Spiegel Online has a really fun interactive map of election results. It shows a map of Germany broken down by district, and you can filter by party to see how well each party did. Of course, the most dramatic results confirm an old insight: votes for the more extreme parties are concentrated in the East. One commentator on whatever TV program Der Spiegel’s livestream was broadcasting made the point clearly: Ossis had authoritarian regimes from 1933 right up to 1989, and the tendency hasn’t been trained out yet. Other people would say that German authoritarianism was born there. Whatever the cause, it’s noticeable.
Here are the results for "strongest party." Union dominates the map, but less so in the East. You can see the border. Notice also that the only districts where the AfD came in first are in the East.
(By the way, the blue is the CSU, a party that only runs in Bavaria, and in place of the CDU. So, the fact that it exactly traces the Bavarian border has a straightforward explanation.)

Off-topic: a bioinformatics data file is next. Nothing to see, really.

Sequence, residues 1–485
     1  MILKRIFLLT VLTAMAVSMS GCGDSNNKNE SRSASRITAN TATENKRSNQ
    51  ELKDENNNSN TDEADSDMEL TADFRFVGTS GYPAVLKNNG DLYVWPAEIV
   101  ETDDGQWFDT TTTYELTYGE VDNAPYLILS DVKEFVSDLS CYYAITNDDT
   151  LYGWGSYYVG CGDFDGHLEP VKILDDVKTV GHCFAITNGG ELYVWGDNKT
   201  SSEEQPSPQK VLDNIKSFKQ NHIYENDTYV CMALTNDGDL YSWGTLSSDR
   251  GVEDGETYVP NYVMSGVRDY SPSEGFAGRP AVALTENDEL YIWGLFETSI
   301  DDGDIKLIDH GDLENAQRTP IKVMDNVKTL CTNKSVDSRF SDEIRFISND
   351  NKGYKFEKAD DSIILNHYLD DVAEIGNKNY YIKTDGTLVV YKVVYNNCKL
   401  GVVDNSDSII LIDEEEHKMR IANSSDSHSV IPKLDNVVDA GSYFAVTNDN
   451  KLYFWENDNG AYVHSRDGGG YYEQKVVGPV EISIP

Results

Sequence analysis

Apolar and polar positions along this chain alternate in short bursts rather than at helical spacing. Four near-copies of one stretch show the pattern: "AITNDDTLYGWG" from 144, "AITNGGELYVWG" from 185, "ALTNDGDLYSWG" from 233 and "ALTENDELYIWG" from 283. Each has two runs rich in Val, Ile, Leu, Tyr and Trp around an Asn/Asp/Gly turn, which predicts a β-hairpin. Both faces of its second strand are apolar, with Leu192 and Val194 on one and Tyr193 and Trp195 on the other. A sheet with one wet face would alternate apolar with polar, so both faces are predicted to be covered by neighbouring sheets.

Speaking of the AfD, its support is less regional than a lot of people would like to think. Nevertheless, you can see the border here quite clearly.
Where you really notice it is for the Left Party. The border is extremely salient here. Basically no one in the West votes Left (except in the Saarland, where the party was born). Yes, Die Linke/Left Party is more or less the successor party to the old East German ruling party, the SED. Something to think about before buying the assumption that East Bloc regimes were universally unpopular. They were unpopular, but it’s complicated.
If you play around a little more there are two (or one, depending on how you look at it) other interesting things: choose the option for strongest showing for FDP and the Green Party, and you’ll notice that they both seem to have strongholds in Baden-Württemburg. What’s up with that? My interpretation – it’s the yuppie vote. I guess a lot of comfortable middle class people live there.